Gardening on an Exposed Site
DK - Learn to Garden , 2008 Dorling Kindersley Limited
Gardens that are located at the top of a hill are very exposed to weather conditions, especially drying and high winds. Choose plants that are tolerant to those special conditions.
Like humans, plants are predominantly composed of water. This makes them prone to dehydration—a constant threat in an exposed garden, whether by the coast, inland, or at high altitude. Wind can test plants to the limit, and only those species that are adapted to resist its drying effects—either by storing water in their leaves or roots, or reducing the loss of water through their leaves—stand a chance. On the positive side, exposed gardens usually have high light levels and excellent air circulation, reducing fungal disease. But strong sun can also fade subtle flower colors, and good air circulation can quickly turn into an eddying wind that damages plants.
Wind Damage and Stunting
Exposure causes slow, stunted growth—a tree in an exposed garden can be as little as half the size of one of the same age and species in a sheltered garden. Trees and shrubs can also be “pruned” by the prevailing wind. In an exposed inland garden, very cold winds are usually the main enemy. If you garden on the coast, you should benefit from a mainly frost-free climate because sea temperatures rarely drop below freezing, and thus keep the winds coming over them warm. On the down side, salt spray borne on the breeze can “fry” leaves and often kills plants as effectively as frost.
Using Plants for Shelter
Minimize the effects of wind by using a shelter belt of plants. Unlike solid walls and fences, which can cause wind to accelerate and eddy through a garden, plants slow it down gently. A shelter belt can be anything from a hedge to a dense planting of trees and shrubs. One of the best hedging plants for seaside gardens is salt-tolerant Griselinia littoralis, while hornbeam (Carpinus betulus) makes a good, dense hedge for exposed inland gardens. You can also use synthetic windbreak materials. These usually take the form of a closely woven fabric mesh, which can be attached to regularly spaced posts. A double layer will provide greater protection. A windbreak like this will slow the wind considerably over a short distance. The mesh can be removed as soon as the plants are settled—between three and five years. Individual plants can be cosseted in a similar way with a “cage” of mesh netting on posts, and trees or shrubs planted as small “whips” (usually one to two years old) can be given a head start if surrounded by a biodegradable plastic guard to create a warm and sheltered microclimate.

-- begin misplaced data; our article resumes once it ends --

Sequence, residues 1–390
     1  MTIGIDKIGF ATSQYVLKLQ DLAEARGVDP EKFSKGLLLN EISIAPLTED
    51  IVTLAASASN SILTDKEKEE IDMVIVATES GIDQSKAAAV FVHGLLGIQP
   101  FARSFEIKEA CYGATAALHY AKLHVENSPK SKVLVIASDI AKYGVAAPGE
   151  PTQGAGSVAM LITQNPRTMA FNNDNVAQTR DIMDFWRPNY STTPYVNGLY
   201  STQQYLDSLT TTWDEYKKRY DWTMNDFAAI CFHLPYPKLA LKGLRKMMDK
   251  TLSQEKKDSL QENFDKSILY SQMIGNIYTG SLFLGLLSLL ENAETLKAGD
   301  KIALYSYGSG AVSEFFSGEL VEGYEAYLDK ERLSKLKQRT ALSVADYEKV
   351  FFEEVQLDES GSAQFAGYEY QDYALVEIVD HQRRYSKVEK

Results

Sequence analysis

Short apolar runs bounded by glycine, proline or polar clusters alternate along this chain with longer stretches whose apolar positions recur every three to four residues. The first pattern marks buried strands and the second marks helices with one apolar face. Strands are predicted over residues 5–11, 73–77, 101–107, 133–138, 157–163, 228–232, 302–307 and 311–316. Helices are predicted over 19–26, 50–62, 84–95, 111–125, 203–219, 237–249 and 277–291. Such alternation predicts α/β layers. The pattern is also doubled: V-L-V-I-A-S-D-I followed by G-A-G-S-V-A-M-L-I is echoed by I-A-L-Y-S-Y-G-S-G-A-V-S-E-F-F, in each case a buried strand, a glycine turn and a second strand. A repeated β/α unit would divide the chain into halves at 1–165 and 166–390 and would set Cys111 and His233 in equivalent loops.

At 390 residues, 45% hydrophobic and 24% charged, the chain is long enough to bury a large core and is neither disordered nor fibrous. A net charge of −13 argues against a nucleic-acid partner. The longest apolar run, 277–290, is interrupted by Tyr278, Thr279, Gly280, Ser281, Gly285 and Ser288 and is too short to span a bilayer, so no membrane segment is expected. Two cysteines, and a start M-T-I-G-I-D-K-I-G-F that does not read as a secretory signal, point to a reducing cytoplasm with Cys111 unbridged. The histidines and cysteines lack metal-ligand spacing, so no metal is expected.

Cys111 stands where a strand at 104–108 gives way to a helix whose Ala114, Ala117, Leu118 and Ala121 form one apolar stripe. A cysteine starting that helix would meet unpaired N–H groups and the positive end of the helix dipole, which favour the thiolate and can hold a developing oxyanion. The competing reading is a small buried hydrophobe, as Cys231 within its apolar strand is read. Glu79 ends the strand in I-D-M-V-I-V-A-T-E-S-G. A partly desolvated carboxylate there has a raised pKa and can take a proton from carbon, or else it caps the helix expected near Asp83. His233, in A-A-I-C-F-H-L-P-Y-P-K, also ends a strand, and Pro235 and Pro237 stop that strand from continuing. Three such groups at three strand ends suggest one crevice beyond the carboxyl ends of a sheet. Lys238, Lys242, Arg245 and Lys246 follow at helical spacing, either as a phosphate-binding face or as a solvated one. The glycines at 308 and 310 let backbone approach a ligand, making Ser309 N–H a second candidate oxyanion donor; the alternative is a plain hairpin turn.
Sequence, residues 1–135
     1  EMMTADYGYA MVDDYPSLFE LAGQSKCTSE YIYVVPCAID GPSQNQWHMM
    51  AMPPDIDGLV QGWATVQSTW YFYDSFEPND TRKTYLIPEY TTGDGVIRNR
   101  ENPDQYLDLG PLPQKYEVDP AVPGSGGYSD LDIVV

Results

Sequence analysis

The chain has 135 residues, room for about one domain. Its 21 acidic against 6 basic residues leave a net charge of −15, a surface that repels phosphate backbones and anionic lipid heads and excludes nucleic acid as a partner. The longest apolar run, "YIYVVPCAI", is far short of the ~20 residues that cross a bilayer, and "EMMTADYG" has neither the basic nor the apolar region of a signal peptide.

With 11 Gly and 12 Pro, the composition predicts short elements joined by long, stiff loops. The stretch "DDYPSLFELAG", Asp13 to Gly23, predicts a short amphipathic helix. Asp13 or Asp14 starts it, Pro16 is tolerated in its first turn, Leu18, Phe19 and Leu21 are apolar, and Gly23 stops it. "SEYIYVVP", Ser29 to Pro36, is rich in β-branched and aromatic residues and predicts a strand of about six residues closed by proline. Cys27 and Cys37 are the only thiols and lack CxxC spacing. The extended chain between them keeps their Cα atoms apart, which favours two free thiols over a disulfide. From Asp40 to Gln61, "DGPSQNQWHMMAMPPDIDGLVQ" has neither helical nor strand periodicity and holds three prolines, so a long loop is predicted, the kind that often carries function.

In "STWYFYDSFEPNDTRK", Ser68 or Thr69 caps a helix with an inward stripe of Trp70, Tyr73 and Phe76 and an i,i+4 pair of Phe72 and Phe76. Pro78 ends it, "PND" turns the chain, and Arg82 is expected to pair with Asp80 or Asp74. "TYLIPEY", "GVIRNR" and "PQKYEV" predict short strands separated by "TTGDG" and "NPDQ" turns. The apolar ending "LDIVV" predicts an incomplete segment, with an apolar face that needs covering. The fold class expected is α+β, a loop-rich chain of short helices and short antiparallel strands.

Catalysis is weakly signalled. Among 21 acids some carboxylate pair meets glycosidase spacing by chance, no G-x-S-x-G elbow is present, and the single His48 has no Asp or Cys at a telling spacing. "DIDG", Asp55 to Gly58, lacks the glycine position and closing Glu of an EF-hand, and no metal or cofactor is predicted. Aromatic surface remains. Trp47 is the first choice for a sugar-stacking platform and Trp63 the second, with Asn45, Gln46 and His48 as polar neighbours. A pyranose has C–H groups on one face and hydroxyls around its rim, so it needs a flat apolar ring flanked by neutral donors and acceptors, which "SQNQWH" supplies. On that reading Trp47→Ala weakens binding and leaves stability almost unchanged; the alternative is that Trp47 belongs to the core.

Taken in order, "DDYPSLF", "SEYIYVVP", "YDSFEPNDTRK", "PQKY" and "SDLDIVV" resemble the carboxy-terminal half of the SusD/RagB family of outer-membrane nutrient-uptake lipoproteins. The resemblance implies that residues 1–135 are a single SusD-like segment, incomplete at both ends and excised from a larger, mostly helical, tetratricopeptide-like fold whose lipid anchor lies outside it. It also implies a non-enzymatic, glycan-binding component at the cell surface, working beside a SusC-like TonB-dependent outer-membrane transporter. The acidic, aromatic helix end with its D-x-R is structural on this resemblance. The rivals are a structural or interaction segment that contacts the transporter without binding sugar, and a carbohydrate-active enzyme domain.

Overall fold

Plants for Exposed Gardens
Successful seaside gardens often take a cue from nature by using native plants that proliferate on the shoreline. These can provide a backdrop for more exotic ornamentals. Alternatively, provide shelter for plants that don’t cope so well with exposure to the elements. Thick wind-reducing plantings on the boundaries of the garden, and a series of “garden rooms” surrounded by more hedges within, create very sheltered areas. In a mild coastal climate, this will enable you to grow tender, exotic plants.
The Royal Horticultural Society garden at Hyde Hall is an example of an exposed inland garden, perched on top of a hill among the rolling, arable landscape of mid-Essex, England. Throughout summer, the prevailing wind is a hot, dry southwesterly that can desiccate plants in no time, while in winter a cold northeasterly can cause significant wind chill. Despite this, the garden is bursting with plants, the majority of which have been selected because of their tolerance to exposure.